10. 10. Ecoheat4EU Project Summary IEE/08/503/SI2.529235 7 3.2 Checklist with good support scheme characteristics This report is a summary and analysis of the Ecoheat4EU enquiries concerning national legislation and support measures related to DHC in 14 European countries. The basic enquiries were performed between October 2009 and March 2010. Complementing and additional information was gathered and finally implemented in November 2010. Within the Ecoheat4EUinfomation collection templates, no strict answer guidance concerning legislative frameworks, support measures, or barriers was given. All answers were given by each country partner as free text and not by predefined multiple choices. Hence, no harmonising or cross- country influences appeared in the original national answers as this would have limited the data. However, an important discussion and learning process took place among the country partners, when the first draft of this report was distributed. After this discussion, several countries wanted to revise their answers when having identified more national legislation concerning DHC, especially with respect to support measures. The country answers reflect mainly the national opinions about what constitutes a legislative framework or a support measure. What is considered to be very important in one country is not considered at all in another country. Hereby, this summary is not the complete map of all legislative frameworks or support measures for DHC in the 14 countries. For the purposes of this project and any future analysis of DHC legislation the following main categories of support measures have been identified and described: Strategic - National energy policy: Recognition for DHC in the EU and national energy strategies is important to provide guidance for the coherent implementation of policies in the different sub- areas. It also increases commercial and official awareness of DHC as a low-carbon option. Burden measures: A tax or fee burden is generally applied for use of fossil fuels or emissions of fossil carbon dioxide and will benefit systems with higher energy efficiency, such as DHC systems. Financial Support: Investment grants (national or local) or operation support can be given to promising emerging market solutions to facilitate wider and speedier adoption. Market control: Market supervision and control may decrease the risk of market abuse, giving customer more confidence to use the technology. This is particularly valid in DHC in the case of monopolies created through heat planning and mandatory connections. Planning: Extension of DHC systems contains some considerable financial risk, since capacity is installed before more customers are connected. Harmonized extensions through thoughtful planning can reduce the risk. Support measures for DHC are introduced in order to overcome market barriers and to exploit hidden opportunities. The overall aim is to realise the potential benefits of DHC: Higher energy efficiency giving lower primary energy use, lower carbon dioxide emissions, and lower energy import dependence. DHC systems also provide the possibility to introduce renewables in dense urban areas.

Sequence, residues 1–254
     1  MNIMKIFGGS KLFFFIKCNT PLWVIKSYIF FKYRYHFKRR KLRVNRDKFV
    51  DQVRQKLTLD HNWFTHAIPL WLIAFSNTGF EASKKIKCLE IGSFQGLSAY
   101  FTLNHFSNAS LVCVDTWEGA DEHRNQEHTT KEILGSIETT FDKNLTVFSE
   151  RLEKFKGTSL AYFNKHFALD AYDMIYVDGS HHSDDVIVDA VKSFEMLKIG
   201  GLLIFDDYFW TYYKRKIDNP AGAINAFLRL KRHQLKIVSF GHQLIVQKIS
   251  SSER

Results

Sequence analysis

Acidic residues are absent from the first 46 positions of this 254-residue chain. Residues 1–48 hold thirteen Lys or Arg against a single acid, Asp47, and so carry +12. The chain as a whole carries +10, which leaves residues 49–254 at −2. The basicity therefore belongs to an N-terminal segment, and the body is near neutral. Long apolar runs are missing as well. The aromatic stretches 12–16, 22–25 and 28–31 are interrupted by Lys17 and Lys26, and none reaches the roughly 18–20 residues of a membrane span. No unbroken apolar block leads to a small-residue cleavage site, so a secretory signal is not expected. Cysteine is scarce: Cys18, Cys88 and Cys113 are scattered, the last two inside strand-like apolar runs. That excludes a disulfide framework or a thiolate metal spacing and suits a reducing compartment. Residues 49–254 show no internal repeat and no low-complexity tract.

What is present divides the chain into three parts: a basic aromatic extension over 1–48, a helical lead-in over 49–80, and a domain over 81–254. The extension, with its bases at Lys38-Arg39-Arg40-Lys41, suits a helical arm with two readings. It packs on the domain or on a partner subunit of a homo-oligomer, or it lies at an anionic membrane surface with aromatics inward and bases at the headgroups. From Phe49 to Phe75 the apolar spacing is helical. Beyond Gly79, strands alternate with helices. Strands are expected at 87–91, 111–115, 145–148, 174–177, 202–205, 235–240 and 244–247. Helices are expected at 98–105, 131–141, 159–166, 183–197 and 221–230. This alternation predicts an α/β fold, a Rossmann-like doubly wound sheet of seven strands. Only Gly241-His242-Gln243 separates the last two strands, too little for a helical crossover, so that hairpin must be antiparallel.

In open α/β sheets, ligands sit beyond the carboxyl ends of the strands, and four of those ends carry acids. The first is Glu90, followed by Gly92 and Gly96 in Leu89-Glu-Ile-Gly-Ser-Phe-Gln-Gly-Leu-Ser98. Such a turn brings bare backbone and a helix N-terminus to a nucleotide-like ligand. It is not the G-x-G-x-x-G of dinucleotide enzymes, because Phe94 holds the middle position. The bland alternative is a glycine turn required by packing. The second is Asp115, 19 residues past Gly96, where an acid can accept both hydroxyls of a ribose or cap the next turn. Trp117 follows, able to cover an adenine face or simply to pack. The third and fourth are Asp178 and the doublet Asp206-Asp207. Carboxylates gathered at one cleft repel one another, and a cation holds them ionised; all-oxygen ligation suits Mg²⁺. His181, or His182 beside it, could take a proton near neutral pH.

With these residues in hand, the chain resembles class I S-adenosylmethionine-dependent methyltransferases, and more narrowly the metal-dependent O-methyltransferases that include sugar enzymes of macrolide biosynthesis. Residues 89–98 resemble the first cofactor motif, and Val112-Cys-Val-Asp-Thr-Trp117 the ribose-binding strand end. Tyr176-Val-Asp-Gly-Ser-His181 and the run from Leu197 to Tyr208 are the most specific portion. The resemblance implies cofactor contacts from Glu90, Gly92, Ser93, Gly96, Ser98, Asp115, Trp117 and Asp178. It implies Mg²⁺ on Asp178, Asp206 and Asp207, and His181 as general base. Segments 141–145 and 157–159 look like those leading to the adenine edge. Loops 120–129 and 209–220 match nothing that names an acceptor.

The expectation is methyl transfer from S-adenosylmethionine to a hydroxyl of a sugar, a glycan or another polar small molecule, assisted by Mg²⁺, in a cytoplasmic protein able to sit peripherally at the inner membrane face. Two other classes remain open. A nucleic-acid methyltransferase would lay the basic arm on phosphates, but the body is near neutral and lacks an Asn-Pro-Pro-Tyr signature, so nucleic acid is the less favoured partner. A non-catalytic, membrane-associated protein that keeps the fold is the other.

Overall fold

11. 11. Ecoheat4EU Project Summary IEE/08/503/SI2.529235 8 The checklist resulting from the exercise described above contains advice on 10 issues concerning what to consider when implementing support measures for DHC systems and is shown below: Issue Advice A National energy policy Acknowledge the major benefit of higher energy efficiency with DHC. This will give the essential support for applying effective measures for DHC. B General versus specific measures Consider whether you want a general support for say energy efficiency or a specific financial support for DHC. Where a general solution is sought the integration and competition with renewable solutions must be carefully considered and preferably encourage a cooperative environment between the two sectors where the greatest CO2 and Primary Energy savings can be made. C Maturity of DHC Direct financial support is suitable for extra stimulation of DHC expansions, but should be avoided in developed and mature DHC systems (Consolidation countries). Well planned general support measures such as fossil fuel taxation and climate change investment programmes can benefit DHC in all countries. D Financial support character Annual financial support has a long term political risk, as investors put a higher risk reduction value in upfront investment grants E Market control Only consider this when DHC systems have reached a strong position where fair competition with more mature or less infrastructure dependent heating (& cooling solutions can be guaranteed. F Heat planning Consider adding heat planning to other community planning activities such as waste management, traffic, water, sewage, & land use planning. G Planning perspective The DHC benefits will be bankable with proper waste planning, location planning of energy-intensive processes, and building regulations. DHC providers will then take active parts in developing these plans. H Market distortions Erase distortions, rather than introducing counteracting measures. I Policy conflicts Avoid conflicts with other policy areas and try to solve the social problems without interfering with energy policy. J Sector dimension Generation measures dominate, but distribution measures can be effective as they reduce financial risks in distribution. Planning, demand, and organisation can also be supported. The main conclusions from this analysis with respect to support schemes characteristics were:  Different approaches to DHC legislative frameworks in each country.  There is a Strong focus on generation measures & distribution measures are also common.  Planning & financial support measures dominate.  Support measures are rarely directed at district cooling  Barriers & opportunities dominate the national environments for DHC.  Strong supply and connection focus regarding local initiatives. Less on ownership, use, distribution, and external benefits.  Country Categorisations are justified by the similarities in measures within each category.